As you may be aware, the changes to the FAR/BAR Residential Contract (both the “AS-IS as well as “NON-AS-IS” versions) will go into effect April 4, 2017.
While full redline versions are attached below:
Residential Contract For Sale And Purchase
“AS IS” Residential Contract For Sale And Purchase
The change which will have the most significant impact on your buyers and sellers is the modification to the Financing section.
Buyers will now be required to obtain a “Loan Approval” within 30 days from the Effective Date, unless otherwise stated. The newly defined term “Loan Approval” is a change from the current defined term, “Loan Commitment”. The issue with the newly defined term is that it is loosely defined in the contract as “approval of a loan meeting the Financing terms”. It is not unreasonable for one to interpret the term Loan Approval to mean “an unconditional approval”, however the contract does not define the term as such. Moreover, by virtue of the conditional language in Section 8(b)(vii), Loan Approval may be conditioned on, at a minimum, property related conditions as well as the appraisal. I anticipate that this issue will need to be clarified – and as the new version makes its rounds – it will. The takeaway here is that, regardless how the term is defined (Loan Approval or Loan Commitment) the buyer should have a candid discussion with their lender prior to the issuance of document which remotely resembles a Loan Approval. The discussion should be centered around the fact that once the Loan Approval is obtained “or deemed to have been obtained”, as the new version of the contract provides, and the buyer then fails to close, the buyer’s deposit could be at risk. Real estate agents and lenders should proceed cautiously with regard to this section of the contract and call upon real estate attorneys for counsel.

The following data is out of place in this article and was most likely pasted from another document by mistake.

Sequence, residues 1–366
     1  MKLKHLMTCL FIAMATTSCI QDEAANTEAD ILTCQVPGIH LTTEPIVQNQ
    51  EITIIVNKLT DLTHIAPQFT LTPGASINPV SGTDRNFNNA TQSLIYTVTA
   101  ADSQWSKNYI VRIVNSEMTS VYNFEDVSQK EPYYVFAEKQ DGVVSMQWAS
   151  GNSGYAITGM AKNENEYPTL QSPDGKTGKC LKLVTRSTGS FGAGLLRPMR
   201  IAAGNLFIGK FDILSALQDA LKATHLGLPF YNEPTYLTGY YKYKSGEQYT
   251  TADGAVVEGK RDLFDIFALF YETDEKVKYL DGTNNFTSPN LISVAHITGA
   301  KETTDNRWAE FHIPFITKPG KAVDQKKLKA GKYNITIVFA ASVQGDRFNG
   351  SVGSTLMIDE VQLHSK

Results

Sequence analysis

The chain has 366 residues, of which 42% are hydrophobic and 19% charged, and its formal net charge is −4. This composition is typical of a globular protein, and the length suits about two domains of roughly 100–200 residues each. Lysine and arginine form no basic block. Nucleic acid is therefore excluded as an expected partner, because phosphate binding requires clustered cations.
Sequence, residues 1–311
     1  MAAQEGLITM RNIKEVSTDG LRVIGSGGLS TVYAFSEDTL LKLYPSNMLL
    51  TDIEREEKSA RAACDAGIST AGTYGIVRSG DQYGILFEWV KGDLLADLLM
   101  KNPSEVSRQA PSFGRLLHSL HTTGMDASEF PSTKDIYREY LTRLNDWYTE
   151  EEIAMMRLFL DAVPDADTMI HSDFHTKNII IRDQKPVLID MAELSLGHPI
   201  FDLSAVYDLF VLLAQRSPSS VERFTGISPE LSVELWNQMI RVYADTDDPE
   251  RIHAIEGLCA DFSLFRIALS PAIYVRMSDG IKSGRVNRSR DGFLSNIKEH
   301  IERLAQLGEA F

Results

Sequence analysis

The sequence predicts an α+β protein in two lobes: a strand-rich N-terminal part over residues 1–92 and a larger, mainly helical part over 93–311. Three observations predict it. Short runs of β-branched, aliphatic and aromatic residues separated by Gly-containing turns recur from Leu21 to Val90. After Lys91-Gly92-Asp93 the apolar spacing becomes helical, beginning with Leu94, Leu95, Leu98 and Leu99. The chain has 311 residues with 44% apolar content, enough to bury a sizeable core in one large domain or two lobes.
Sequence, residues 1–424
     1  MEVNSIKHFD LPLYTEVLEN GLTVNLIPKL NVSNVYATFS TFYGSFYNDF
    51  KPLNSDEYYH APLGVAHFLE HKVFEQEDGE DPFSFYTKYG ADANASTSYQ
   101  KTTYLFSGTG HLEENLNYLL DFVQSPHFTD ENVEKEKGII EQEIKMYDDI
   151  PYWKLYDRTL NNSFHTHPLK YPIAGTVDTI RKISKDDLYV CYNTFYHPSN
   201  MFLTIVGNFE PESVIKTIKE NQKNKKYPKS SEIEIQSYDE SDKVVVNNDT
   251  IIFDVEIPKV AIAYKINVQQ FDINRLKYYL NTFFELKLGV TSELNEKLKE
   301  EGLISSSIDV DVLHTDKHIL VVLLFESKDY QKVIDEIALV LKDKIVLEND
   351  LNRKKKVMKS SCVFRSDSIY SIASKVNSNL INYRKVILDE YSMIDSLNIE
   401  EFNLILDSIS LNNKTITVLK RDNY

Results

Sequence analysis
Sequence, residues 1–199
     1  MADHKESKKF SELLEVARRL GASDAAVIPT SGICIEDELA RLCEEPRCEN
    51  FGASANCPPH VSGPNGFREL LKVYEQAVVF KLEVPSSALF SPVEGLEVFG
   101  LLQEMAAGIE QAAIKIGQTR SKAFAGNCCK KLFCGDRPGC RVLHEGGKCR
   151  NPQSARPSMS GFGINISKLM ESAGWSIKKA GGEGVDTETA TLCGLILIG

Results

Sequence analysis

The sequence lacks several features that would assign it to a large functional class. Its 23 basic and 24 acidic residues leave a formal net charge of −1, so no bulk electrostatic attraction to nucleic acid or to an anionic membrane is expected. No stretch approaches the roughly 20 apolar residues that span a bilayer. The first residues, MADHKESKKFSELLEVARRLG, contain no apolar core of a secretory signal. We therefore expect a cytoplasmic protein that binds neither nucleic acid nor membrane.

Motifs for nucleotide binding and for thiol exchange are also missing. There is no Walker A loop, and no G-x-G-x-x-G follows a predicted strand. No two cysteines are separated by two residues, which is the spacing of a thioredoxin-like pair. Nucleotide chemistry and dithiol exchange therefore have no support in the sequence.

In addition to the above changes, the updated version of the contract allows a buyer to terminate the contract for inability to obtain the Loan Approval through expiration of the Loan Approval Period. This is a departure from the current version of the contract which limits a buyer’s ability to terminate the contract to a time period which is no later than 7 days prior to closing.